To help put our children through university, I’ve been teaching at an expensive private college in Los Angeles just on Mondays. I have learned a lot from four people at this college who aren’t even teachers.
George is my boss. He is the Chair of the Business Department. George is about 70 and just loves working. He’s originally from the South and he’s what you might call a “Southern Gentleman.”
He wears a bow tie and speaks very quietly. George is a man of impeccable character. He always does what he says. He listens twice as much as he speaks. He believes in me and gives me space to do what I do well. Some would call him a “servant leader” — I just call him a “Gentleman.”
Ustess is a security guard. He says “good morning” to every student regardless of his or her demeanor. I asked him about his welcoming attitude once and he told me: “Gotta look out for these kids. Some of them look sad. It’s as if they’re lost or confused about life. I can’t be their Papa but I can welcome them to the gift of a new day, every day and try and put a smile on their faces.”
Leo works in the print room. When I first started working there, people told me Leo was miserable and unhelpful because he wears all black. I told them I love the Beatles and they used to wear all black when they were just starting out and so maybe I’ll like Leo too. Leo is synonymous with his name — he’s a big lion. I can tell he’s had a tough start in life. He carries the bruises. I can see them on his face. I can see them tattooed on his skin. I can hear it in the words he chooses to use. But I sense there is a big heart behind that hard exterior.
Elsa is in her late 20’s. She is the cleaner. I have seen the way the students look down on her when they drop their Starbucks trash into the bucket she pushes. They spend more in five minutes than she earns in two hours. Most students don’t even acknowledge her. She’s invisible to most — but not to me, because I know her story.
Elsa has three children and her dream is for her boyfriend to marry her. “I dream of being a bride” she once told me. “I love my man. He is the father of our children. He doesn’t believe in marriage. He says we have a good thing going and he doesn’t want to jinx it but I’d love, one day to say the words, ‘I do.’”
I asked her how she feels when some of these rich kids ignore her, or don’t thank her for her service. She told me: “I know what you mean — I sense their disrespect for me but I have someone who loves me — who has stayed with me. I have been blessed with three beautiful children…anyway, my job is to empty the trash and clean the classrooms. That’s my job and I do it to the very best of my ability.”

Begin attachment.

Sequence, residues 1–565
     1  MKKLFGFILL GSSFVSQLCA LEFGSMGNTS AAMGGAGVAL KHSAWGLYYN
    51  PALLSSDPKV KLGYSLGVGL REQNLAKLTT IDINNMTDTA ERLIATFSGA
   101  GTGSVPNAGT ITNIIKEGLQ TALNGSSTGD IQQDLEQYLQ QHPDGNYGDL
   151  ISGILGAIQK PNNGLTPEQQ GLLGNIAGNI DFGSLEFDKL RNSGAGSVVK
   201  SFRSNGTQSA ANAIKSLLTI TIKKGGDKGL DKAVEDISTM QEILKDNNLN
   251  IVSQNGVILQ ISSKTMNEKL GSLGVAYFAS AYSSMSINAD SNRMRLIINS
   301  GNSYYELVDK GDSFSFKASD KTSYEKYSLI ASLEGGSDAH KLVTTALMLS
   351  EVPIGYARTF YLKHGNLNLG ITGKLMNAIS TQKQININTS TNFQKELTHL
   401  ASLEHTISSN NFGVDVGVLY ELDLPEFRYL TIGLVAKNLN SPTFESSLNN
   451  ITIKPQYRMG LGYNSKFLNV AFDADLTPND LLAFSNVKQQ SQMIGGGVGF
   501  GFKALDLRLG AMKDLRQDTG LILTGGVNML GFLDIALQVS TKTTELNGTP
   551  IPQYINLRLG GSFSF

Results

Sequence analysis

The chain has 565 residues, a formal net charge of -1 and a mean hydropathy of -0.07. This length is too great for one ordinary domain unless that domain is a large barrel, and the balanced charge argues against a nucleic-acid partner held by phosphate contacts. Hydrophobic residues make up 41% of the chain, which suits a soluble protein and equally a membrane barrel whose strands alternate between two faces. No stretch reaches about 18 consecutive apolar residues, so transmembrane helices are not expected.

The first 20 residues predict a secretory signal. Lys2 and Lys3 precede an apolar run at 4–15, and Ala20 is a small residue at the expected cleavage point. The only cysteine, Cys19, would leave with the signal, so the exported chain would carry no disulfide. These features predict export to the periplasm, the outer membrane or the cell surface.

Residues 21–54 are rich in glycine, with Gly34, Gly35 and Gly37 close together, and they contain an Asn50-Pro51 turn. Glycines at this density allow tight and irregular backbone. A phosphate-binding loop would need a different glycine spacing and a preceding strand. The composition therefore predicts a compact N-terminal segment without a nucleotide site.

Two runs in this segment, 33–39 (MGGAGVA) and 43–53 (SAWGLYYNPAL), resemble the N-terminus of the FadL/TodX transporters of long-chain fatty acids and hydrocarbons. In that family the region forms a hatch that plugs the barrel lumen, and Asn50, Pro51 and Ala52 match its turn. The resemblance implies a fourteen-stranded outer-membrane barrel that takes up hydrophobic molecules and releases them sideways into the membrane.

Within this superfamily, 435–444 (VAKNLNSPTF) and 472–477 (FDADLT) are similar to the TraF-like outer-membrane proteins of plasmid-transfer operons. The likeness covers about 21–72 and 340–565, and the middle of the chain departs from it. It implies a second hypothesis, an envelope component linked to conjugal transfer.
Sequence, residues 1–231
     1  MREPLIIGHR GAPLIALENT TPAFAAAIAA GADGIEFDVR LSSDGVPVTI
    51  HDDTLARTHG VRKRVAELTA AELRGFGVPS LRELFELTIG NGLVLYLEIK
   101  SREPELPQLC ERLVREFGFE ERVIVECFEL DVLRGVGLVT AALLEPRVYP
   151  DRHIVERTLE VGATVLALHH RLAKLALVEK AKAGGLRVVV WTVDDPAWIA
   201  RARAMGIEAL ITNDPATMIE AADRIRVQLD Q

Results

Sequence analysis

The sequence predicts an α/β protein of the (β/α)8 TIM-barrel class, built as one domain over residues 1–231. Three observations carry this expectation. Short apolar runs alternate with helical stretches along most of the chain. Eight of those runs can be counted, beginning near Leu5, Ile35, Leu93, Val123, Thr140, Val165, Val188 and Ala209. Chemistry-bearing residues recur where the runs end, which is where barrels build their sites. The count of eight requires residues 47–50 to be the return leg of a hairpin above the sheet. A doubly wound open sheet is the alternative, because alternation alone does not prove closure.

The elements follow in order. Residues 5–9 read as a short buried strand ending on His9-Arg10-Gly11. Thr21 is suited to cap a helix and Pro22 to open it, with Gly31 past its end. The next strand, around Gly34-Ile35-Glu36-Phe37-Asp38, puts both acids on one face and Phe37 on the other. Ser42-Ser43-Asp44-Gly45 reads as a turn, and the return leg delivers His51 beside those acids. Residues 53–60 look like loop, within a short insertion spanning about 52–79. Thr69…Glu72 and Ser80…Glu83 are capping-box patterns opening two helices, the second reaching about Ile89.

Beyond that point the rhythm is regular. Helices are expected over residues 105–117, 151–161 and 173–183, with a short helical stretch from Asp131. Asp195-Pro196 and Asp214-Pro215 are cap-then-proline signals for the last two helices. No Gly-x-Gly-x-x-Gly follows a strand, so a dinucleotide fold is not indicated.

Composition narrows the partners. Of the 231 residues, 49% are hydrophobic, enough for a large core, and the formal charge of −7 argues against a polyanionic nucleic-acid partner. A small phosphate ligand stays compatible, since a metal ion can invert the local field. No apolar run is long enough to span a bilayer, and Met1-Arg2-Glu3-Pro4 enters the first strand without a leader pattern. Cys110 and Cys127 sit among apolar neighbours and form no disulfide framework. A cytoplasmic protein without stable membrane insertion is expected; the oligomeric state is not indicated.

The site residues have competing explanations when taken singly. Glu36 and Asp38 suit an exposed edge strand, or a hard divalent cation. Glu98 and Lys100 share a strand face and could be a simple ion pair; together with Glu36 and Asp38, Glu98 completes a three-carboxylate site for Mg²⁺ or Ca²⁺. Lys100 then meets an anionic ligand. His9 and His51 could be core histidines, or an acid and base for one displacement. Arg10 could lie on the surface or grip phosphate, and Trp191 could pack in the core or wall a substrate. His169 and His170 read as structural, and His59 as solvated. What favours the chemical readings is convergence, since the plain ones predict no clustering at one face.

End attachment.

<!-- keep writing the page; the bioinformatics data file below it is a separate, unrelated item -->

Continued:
So what can we learn from these four wonderful real life characters whom I work with every Monday on Grand and 9th in the City of Angels?
I believe with all my heart that George is perhaps, the best leader I’ve ever worked for. He sees himself as a servant — he turns the organizational pyramid upside down. He has a mindset that he’s meant to be of service to his staff whereas mediocre managers make it all about them.
In Ustess I am reminded of the principle that we cannot change people but we can influence them. I don’t think his life ambition was to be working security in his late 50’s but I believe he has just decided to bloom where he was planted.
I found by treating Leo in a way I would like to be treated, it has yielded a mutually respectful relationship and we make a good partnership. I teach and he prints. I couldn’t teach unless I have prints, and he’d have nothing to print if I didn’t teach. We’re mutually interdependent.
In Elsa I see great dignity — that regardless of how others treat you, she knows who she is. She is satisfied with much in her life and unsatisfied with some aspects…. but she has a peace about her that passes my simple understanding.
Thank you George, Ustess, Leo and Elsa — this teacher says, “Thank you for each, teaching me so much. It’s an honor to serve these students alongside you. Happy New Year! Let’s do this all again in 2019.”
Paul Butler is a Santa Clarita resident and a client partner with Newleaf Training and Development of Valencia (newleaf-ca.com). The views and opinions expressed in this article are those of the author and do not necessarily represent those of The Signal newspaper.
For questions or comments, email Paul Butler at firstname.lastname@example.org.